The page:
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Science Ticker

Rosetta spacecraft lands on comet, ends mission

comet 67P from 51 meters

FINAL APPROACH Rosetta's last picture of comet 67P, taken just 51 meters from the surface, reveals a gravelly landscape.

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Rosetta is no more. The comet orbiter touched down on the surface of comet 67P/Churyumov–Gerasimenko at 7:19 a.m. Eastern and immediately shut down, bringing to an end a nearly 26-month mission in orbit around the comet.

“I hereby declare mission operations ended,” said Rosetta mission manager Patrick Martin. The landing site has been dubbed Sais, the ancient Egyptian town believed to be the original home of the Rosetta stone, after which the mission is named. “We can say Rosetta has come home,” Martin said.

Confirmation came from a planned loss of radio signal from the spacecraft. Onboard computers were programmed to shut down as soon as Rosetta hit the comet. The spacecraft approached the comet at just a few kilometers per hour — a gentle walking pace — but the probe wasn’t designed for landings and was likely damaged.

Although the spacecraft’s work is complete, mission scientists will continue to keep busy analyzing all the data sent back before touchdown.

See all of our coverage of the Rosetta mission.

Paleontology,, Animals

Jurassic ichthyosaur dubbed ‘Storr Lochs Monster’ unveiled

By Meghan Rosen 9:26am, September 7, 2016
A rare, 170-year-old skeleton discovered in Scotland is one of the best-preserved ichthyosaur fossils from the Middle Jurassic.
Planetary Science

Rosetta spots Philae lander on surface of comet 67P

By Christopher Crockett 12:33pm, September 6, 2016
Missing since November 2014, the Philae comet lander has been found lurking in the shadows on comet 67P/Churyumov-Gerasimenko.
Animals,, Anthropology

Bonobos rival chimps at the art of cracking oil palm nuts

By Bruce Bower 6:00am, September 5, 2016
Bonobos demonstrate their overlooked nut-cracking skills in an African sanctuary.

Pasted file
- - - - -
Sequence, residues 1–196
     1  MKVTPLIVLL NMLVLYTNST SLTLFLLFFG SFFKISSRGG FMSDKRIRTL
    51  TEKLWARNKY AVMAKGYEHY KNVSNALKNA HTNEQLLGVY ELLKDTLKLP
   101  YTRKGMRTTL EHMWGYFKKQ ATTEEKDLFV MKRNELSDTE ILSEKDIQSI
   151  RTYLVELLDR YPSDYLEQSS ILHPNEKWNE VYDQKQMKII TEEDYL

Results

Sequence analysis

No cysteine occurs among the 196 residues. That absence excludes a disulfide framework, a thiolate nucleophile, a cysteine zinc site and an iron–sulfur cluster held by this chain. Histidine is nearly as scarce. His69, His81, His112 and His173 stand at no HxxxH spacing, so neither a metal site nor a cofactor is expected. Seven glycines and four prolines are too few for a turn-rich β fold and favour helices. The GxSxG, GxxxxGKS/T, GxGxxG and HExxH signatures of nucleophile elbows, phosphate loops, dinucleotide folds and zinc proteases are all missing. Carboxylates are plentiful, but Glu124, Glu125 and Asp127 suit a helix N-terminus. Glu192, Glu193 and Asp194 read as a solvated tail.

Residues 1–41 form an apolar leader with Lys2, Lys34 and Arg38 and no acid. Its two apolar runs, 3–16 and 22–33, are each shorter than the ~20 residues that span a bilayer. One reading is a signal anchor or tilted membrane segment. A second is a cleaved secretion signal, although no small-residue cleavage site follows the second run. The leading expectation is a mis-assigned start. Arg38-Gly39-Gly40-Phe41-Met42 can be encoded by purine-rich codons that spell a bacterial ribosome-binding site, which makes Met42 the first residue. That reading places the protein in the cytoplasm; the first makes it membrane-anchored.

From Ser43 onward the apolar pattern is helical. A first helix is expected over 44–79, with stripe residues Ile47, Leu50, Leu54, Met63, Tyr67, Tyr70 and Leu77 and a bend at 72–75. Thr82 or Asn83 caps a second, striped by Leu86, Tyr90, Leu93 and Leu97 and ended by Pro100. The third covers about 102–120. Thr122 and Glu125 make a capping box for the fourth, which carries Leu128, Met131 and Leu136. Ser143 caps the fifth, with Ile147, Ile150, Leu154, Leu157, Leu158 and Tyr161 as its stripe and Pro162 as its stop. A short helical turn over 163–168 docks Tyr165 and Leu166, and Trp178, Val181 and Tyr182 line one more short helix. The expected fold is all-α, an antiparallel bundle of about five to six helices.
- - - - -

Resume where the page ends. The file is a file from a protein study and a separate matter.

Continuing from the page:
Chemistry,, Science & Society

FDA bans chemicals in antibacterial soaps

By Helen Thompson 4:49pm, September 2, 2016
The U.S. Food and Drug Administration ruled against 19 antibacterial soap ingredients, citing insufficient evidence of bacteria-killing and safety problems.
Technology,, Astronomy

SpaceX rocket explodes on Florida launchpad

By Helen Thompson 3:33pm, September 1, 2016
SpaceX has lost a Falcon 9 rocket and its satellite payload in a standard prelaunch test.
Planetary Science

Water has played a big role in shaping dwarf planet Ceres

By Christopher Crockett 2:00pm, September 1, 2016
Findings from the Dawn spacecraft turn up cryovolcanoes, ice patches and hydrated minerals on Ceres, supporting the idea that water helped shape the dwarf planet.
Animals,, Ecology

For snowy owls, wintering on the prairie might be normal

By Amy McDermott 12:00am, August 31, 2016
Some snowy owls leave the Arctic for winter. That’s not a desperate move, new study says.
Biomedicine,, Animals

Mosquito moms can pass Zika to offspring

By Susan Milius 5:00pm, August 29, 2016
In the lab, Zika virus can pass from a female mosquito to her eggs, suggesting how infections can flare up again after adult insects dwindle.
Genetics,, Animals

Genes help snub-nosed monkeys live the high life

By Tina Hesman Saey 12:30pm, August 25, 2016
Snub nosed monkeys have certain genetic variants that help them breathe easy in low oxygen.
Animals,, Biophysics

Hoverflies (probably) can’t sense gravity

By Helen Thompson 3:04pm, August 18, 2016
Acrobatic insects called hoverflies may simply use visual and airflow cues and not gravity to orient their bodies midair.
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